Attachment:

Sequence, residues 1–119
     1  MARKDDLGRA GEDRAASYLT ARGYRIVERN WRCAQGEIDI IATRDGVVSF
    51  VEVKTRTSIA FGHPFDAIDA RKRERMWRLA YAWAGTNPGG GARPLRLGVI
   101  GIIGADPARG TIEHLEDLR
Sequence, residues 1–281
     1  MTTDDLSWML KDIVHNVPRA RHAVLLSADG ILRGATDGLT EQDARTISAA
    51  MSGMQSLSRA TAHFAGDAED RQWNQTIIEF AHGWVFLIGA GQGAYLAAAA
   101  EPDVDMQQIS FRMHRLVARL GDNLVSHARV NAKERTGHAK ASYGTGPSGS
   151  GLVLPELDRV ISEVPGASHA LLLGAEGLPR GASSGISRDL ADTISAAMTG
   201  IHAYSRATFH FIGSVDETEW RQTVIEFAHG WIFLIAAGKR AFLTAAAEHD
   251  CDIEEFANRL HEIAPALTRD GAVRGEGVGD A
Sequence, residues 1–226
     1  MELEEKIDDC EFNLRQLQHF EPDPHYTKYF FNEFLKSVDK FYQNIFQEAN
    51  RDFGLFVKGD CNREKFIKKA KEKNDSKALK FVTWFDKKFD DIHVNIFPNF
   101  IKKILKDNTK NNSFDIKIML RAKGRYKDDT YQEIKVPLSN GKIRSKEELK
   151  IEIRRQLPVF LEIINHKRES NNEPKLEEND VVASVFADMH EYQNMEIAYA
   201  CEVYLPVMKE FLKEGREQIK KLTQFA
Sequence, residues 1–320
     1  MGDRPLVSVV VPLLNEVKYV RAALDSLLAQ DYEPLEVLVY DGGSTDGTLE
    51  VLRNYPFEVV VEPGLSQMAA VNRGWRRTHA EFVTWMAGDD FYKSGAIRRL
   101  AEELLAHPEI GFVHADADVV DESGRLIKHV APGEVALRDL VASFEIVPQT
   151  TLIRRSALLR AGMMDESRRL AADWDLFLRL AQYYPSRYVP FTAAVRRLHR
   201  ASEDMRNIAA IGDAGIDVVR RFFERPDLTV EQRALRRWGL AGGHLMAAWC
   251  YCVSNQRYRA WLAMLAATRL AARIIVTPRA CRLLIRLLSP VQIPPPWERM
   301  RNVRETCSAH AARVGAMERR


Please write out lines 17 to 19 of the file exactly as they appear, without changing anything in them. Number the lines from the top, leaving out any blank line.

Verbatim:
   201  CEVYLPVMKE FLKEGREQIK KLTQFA
Sequence, residues 1–320
     1  MGDRPLVSVV VPLLNEVKYV RAALDSLLAQ DYEPLEVLVY DGGSTDGTLE